Late August to early June is what doctors and researcher call “cold and flu season.” It’s not the chill in the air that causes them, but rather the close confines and dry air that spreads the viruses that cause them. Aside from that, the cold and the flu are very different, and knowing which is which is very important when deciding whether or not to seek medical treatment, or to stay home, drinks plenty of fluids, and wait it out. Here are 7 ways to tell the flu from a common cold.
If you’re suffering from a cold, you may be running a low-grade fever, but if you have the flu, your fever may be higher. If your temperature is more than 101 degrees, you should seek medical attention. Also, please note: never, EVER, give a child with a temperature aspirin, as it may cause Reyes syndrome.
If you have a mild or wet, hacking cough, chances are, you have a cold. But if your cough is persistent, extreme, painful, or if it appears to be worsening, you may have the flu, or your cold has worsened into another ailment, like bronchitis, instead. Again, if your cough worsens, it may be a sign of other health problems, so it’s wise to see your doctor. He may want to prescribe an antibiotic, not something that will help the common cold.
Are you a little more tired than usual, maybe craving a nap? Then you may have a cold. But if you’re exhausted, lethargic, and extremely fatigued, your body may be battling the flu. Don’t fight it. Get your rest!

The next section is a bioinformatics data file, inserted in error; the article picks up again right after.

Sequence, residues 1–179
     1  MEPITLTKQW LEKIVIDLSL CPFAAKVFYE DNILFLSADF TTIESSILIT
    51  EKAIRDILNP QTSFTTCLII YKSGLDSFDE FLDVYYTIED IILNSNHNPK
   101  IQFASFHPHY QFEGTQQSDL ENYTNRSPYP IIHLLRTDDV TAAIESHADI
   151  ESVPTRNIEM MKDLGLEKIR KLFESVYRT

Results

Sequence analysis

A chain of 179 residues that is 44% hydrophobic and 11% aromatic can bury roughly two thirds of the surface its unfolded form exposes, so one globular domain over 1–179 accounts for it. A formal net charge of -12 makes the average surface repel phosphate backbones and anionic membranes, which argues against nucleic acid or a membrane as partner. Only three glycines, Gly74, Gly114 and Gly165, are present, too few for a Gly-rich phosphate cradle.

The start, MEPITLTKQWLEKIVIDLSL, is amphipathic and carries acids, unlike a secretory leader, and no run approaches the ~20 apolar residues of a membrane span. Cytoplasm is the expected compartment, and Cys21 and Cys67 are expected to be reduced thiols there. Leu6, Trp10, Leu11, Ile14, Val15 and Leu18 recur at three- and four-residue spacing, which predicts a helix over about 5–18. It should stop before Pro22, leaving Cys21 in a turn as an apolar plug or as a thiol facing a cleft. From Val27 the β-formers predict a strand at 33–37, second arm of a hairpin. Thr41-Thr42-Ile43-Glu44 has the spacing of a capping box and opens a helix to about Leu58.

Most times, you’ll only have mild aches and pains if you have a cold. But if your entire body aches, deep in your muscles and bones, then you likely have the flu, not a cold.
When you have a cold, your nose may be runny, and you’ll probably sneeze a lot, since the virus that causes the cold has planted itself in your nasal passages, causing inflammation and irritation. However, if you have the flu, nasal congestion is rare.
If your illness is accompanies by a headache, the severity and length of time you suffer from it may indicate whether you have a cold or the flu. It’s rare to have a headache when you have a cold, but it can be severe if you have the flu.
If you have a sore, scratchy throat, then you’re probably suffering from a cold, not the flu. The tickle in your throat is likely caused by sinus drainage from the cold… and it’s rare to have this when you have the flu.
Keep this list of symptoms handy this season, and compare it against how you’re feeling, to see if you have a cold, or if it’s something a little more serious — the flu. Be prepared to describe your symptoms, and an illness timeline, to your doctor. And always remember the best way to stay healthy is to wash your hands thoroughly all season long… an ounce of prevention is worth a pound of cure, right?
Top Photo Credit: sedairy
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